In 1903 the Germans adopted the type 'S', for Spitzgeschloss (what today we call the Spitzer) bullet based on new discoveries in streamlining and aerodynamics. The new bullet was much lighter at only 147 grains, a 3.17 cartridge overall length, but had a muzzle velocity of 2,936 fps. It was able to reach very long ranges for a cartridge of the time, and an even smaller-bored version in the hands of the Spanish during our little difficulties with them in Cuba and the Phillipines taught a lot of U.S Army troops the difference between concealment and cover (a lot of our guys were still armed with .45-70 Trapdoor Springfields like General Custer's guys had at the Little Bighorn).

As a side note, and after our learning experience at the hands of the Spanish, the U.S. adopted a "Mauser", the 1903 Springfield, and a new cartridge to go with it. That would be the .30-03, which fired a big ol' heavy, slow, round-nosed bullet just like the 88 Commission rifle cartridge, and shows it's mauser heritage in the fact that the case head dimensions are exactly the same. Of course, at the same time, the Germans were moving ahead with the spitzer-bulleted cartridge, leaving our guys standing at the platform watching the train leave the station without them. Back to the drawing board, and eventually what emerged in 1906 was our own spitzer-bulleted cartridge, the .30-06. That's why our 1903 Springfield rifles fired a 1906 cartridge!

All of the German Infantry rifles were subsequently "converted" to chamber and fire the new type S cartridge - mainly re-barreling them (Just like the U.S. was doing, three years later, with the Springfields). Later, during WWI, the bullet weight was increased to 198 grains, but the same cartridge overall length of 3.17" was retained.

By then, of course, the 1888 rifle was "modernized" up to a model 1898 version, and later shortened (Kurz, meaning short) to become the Mauser 98K of WWII fame.

By this time armies all over the world were adopting Mauser rifles, and many factories were built to make what was basically a 98K Mauser, including the one in that tongue-twisting named-place in Yugoslavia where the M24's (in 1924), and later the M48's (in 1948), were built.

After WWII the Yugoslavians continued building model 24's for a while, then eventually re-tooled for a modernized version in 1948 as a kind of "National Guard" or "Militia" rifle. (The "real" army got SKS's and AK47's.) At this point, they decided to redesign the Mauser for the "optimum" length necessary to work with the 8mm Mauser cartridge, which they were still using. (They made a sniper version of the AK47 in 8mm chambering, which some folks confuse with the Russian Dragunov.)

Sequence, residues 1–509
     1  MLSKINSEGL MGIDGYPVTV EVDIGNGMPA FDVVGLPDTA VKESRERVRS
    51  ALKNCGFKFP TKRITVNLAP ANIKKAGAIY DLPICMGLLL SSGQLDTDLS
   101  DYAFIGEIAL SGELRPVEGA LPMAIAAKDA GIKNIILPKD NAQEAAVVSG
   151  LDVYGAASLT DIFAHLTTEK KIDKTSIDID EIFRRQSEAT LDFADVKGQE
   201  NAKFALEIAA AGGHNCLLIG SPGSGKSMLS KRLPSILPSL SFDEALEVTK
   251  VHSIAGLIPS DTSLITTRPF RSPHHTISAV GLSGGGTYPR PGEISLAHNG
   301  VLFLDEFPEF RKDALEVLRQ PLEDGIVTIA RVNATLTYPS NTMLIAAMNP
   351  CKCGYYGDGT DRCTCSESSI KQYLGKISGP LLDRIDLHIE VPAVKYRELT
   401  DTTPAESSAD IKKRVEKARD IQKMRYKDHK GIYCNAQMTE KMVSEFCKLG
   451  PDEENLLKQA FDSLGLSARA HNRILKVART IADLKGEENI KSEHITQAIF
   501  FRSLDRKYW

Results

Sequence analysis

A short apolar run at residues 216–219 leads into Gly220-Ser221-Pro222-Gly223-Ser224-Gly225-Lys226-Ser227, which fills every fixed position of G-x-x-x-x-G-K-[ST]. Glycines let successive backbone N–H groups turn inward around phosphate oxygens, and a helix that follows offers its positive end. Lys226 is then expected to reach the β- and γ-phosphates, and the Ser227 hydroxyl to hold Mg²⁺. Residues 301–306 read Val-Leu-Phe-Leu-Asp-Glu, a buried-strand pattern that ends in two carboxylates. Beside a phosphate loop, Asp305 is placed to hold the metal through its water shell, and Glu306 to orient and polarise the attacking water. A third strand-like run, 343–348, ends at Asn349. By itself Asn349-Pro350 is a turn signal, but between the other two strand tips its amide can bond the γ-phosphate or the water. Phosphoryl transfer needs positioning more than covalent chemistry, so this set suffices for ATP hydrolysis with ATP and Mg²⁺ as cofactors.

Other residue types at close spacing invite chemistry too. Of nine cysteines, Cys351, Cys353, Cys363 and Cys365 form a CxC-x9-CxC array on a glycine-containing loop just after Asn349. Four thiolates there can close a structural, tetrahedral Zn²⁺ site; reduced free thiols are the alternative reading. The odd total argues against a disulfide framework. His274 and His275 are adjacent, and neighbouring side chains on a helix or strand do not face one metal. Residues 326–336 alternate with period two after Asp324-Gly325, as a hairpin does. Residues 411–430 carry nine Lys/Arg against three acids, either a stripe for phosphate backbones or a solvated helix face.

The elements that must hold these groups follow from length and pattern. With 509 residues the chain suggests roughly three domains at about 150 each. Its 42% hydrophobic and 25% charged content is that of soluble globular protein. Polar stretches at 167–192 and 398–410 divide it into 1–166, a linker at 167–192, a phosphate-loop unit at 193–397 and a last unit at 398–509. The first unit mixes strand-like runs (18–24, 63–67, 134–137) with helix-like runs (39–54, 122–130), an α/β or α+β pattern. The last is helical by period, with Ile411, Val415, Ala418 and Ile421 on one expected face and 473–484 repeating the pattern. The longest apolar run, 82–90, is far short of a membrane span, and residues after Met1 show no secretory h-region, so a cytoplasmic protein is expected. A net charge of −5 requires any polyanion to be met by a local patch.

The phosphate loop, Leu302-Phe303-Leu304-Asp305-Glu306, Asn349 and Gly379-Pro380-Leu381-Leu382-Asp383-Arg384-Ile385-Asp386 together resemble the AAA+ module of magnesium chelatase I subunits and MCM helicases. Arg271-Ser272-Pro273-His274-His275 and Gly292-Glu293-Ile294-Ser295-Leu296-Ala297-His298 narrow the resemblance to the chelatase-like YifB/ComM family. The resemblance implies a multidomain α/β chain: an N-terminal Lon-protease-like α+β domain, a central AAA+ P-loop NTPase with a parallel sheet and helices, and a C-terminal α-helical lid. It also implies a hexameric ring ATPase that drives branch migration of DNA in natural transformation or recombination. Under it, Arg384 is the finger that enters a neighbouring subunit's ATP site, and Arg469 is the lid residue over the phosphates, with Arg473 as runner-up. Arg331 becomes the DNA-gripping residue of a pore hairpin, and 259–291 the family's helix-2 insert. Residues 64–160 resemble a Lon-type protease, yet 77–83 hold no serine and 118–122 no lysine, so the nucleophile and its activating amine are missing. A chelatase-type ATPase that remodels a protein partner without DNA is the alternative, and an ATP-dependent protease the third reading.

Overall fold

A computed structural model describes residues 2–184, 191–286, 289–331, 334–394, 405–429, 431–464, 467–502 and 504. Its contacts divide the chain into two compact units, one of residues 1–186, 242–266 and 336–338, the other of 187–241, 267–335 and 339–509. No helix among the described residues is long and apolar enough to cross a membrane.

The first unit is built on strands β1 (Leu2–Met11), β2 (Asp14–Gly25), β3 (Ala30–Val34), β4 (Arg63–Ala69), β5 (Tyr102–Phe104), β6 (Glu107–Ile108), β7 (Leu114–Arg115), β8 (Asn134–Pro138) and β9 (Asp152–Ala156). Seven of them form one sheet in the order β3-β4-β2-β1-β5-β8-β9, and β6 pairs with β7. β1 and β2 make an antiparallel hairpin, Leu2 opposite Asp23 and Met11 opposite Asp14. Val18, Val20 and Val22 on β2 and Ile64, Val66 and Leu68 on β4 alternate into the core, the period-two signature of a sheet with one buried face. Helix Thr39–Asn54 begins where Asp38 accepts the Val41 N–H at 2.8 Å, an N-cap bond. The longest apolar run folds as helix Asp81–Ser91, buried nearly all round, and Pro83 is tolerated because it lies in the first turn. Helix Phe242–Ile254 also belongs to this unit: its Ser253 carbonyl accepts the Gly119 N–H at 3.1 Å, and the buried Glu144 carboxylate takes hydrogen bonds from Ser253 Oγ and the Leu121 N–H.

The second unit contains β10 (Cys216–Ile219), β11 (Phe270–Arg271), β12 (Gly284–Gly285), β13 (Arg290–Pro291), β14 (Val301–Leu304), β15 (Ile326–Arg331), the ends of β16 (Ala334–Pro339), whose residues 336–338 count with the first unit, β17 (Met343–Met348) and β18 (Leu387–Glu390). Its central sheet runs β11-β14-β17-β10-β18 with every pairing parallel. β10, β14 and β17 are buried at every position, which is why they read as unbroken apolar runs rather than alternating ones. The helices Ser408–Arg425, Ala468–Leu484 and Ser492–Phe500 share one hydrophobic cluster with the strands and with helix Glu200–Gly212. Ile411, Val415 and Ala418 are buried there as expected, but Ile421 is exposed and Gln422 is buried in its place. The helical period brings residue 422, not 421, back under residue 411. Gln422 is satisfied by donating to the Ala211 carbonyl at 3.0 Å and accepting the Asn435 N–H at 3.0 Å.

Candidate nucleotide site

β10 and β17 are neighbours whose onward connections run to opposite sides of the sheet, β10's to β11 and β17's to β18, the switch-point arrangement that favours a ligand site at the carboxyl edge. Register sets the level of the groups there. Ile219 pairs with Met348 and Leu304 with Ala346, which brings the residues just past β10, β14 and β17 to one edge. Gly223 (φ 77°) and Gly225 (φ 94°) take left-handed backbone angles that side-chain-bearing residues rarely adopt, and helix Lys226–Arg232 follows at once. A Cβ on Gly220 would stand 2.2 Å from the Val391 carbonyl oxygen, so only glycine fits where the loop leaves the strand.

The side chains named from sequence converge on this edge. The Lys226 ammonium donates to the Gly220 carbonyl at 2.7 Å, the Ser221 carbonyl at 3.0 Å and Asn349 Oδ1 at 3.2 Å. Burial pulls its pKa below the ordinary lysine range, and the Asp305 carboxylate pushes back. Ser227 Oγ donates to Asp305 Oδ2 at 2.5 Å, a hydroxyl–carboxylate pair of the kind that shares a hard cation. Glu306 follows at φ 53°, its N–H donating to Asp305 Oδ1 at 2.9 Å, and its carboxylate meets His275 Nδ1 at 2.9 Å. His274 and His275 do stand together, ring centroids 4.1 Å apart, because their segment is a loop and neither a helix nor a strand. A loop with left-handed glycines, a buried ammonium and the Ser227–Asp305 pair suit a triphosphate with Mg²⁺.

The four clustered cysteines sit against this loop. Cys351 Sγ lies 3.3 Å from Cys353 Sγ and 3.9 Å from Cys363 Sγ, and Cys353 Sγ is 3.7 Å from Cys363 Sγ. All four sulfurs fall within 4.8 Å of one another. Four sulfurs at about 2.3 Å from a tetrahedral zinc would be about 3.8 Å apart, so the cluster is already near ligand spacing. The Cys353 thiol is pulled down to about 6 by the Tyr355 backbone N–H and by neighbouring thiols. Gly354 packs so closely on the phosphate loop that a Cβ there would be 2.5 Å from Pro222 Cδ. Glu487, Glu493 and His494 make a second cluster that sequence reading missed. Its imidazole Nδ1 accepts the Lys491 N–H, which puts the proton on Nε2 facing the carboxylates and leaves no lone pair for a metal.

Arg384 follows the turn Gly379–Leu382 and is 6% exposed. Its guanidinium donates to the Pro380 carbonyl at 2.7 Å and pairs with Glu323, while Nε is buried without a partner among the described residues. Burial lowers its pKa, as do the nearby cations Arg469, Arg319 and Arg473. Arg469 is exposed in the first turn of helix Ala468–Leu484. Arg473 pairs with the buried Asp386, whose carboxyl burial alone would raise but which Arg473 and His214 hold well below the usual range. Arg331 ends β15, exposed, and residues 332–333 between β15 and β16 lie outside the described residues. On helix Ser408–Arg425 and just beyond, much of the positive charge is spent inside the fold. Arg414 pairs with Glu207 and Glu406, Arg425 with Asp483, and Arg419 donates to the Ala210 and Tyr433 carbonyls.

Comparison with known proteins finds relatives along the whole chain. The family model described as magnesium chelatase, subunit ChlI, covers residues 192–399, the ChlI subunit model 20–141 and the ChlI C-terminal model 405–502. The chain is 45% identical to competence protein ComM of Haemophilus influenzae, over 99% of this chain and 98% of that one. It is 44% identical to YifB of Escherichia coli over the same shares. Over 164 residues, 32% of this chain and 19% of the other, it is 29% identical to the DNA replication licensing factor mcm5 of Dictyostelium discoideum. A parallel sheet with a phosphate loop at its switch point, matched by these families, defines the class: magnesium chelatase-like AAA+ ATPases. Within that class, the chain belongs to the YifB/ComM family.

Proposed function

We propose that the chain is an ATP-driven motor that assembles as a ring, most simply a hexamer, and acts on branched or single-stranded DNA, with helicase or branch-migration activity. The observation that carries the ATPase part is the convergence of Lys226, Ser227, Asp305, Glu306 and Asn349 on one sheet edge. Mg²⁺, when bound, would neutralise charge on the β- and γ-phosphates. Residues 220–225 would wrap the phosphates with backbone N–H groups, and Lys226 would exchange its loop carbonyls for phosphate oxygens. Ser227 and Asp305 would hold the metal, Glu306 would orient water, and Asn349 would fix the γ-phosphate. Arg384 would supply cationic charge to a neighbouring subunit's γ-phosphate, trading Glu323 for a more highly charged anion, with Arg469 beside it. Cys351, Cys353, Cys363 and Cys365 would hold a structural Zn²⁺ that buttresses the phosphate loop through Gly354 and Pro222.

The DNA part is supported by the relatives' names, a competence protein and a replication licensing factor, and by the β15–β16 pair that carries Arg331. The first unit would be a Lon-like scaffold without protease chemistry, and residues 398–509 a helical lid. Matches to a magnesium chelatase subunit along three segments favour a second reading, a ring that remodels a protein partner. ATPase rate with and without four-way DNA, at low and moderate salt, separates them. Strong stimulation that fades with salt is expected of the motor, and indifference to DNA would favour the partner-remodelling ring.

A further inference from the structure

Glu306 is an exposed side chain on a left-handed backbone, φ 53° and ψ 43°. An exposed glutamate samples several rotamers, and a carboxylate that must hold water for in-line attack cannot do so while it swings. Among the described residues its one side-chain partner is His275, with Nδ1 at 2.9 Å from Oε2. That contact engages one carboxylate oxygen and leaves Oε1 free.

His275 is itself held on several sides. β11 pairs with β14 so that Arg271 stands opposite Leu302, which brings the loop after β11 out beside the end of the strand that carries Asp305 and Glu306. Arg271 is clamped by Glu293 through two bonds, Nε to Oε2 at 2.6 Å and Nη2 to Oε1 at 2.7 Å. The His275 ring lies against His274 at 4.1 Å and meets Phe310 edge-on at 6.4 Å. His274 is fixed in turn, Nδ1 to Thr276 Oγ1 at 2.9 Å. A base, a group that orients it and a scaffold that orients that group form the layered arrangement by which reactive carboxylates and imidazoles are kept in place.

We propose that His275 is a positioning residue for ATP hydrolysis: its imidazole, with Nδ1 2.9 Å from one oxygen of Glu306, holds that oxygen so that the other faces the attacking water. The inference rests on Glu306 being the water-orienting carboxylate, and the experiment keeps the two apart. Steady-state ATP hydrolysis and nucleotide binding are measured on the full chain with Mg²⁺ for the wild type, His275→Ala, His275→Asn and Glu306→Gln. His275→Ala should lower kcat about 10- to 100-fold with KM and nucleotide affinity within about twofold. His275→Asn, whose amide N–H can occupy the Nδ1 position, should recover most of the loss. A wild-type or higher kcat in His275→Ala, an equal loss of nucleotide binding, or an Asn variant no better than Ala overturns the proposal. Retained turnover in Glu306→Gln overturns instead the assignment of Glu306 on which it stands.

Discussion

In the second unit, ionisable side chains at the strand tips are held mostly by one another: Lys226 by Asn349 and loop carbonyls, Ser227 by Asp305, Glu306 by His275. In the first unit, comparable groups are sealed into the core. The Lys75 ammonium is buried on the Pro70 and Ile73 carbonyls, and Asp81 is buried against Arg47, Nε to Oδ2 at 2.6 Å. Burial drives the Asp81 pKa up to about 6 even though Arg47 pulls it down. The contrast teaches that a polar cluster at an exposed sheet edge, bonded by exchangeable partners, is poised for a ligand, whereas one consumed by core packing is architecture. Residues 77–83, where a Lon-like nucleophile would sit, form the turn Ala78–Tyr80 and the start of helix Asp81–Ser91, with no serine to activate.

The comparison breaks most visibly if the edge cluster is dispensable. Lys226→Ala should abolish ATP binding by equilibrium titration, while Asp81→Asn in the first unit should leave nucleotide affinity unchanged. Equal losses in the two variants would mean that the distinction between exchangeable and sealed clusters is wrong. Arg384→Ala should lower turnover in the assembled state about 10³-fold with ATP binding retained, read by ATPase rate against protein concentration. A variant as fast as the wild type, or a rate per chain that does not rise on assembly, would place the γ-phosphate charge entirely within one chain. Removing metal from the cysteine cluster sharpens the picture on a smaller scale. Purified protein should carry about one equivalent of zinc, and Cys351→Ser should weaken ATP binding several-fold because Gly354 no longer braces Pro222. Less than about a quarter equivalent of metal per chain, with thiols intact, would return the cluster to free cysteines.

Anyway, that's why the M48 has a "short" action compared to Mauser 98K.

It's an excellent rifle, and every bit a Mauser.

March 13, 2008, 08:50 PM
The fun of milsurps is in the trying out of older designs that were built to last and take abuse, used to have a 24/47 and now have a mod 48. I shoot and reload for a Mod 1917 thats 91 years old, thats the fun of these things. Are there going to be any AR's or other black guns that will do the same, I hope so. Your friend needs to realize what matters is that we shoot what we like, I'll try yours and you can try mine. As shooter's we need to support each other, so much for my ranting but I feel better.

March 13, 2008, 09:00 PM
It is a woderful rifle. When dealing with those who do not know or refuse to know a subject, use your ears the way God intended--one for in and one for out. If yours is one of the "new" ones that has not been used much, the trigger may be a little gritty--use will solve that. Mine are very accurate and they are true mausers. $135 for it is an exceptional price. I would buy it in a heart beat.

The Turk ammo in the bandolier is corrosive. So when you are finished shooting it be sure to clean your rifle right away. I use windex or the cheap substitute followed by a normal bore cleaner. I have shot some of the 1943 and it was reasonably accurate and not a nearly as hot as the 1947. I bought a lot when it was less than $5 per bandolier. :D

You will love the rifle.

March 13, 2008, 09:03 PM
Almost forgot to add that I also own some black rifles -- and love them all.

March 13, 2008, 09:28 PM
Honestly, I don't get this guys sometimes.
He's a rather good of mine but when it comes to guns he can be a bit of an arse. Went onto tell me that all CZs were POS because they were made in a former soviet country...

Anyways, any idea what these little beasts like to eat?

Oh, and I think I'll go ahead and pay off the rest of the rifle tomorrow and spend an evening cleaning it. Cosomline removal, it should be an olympic sport.

March 13, 2008, 09:30 PM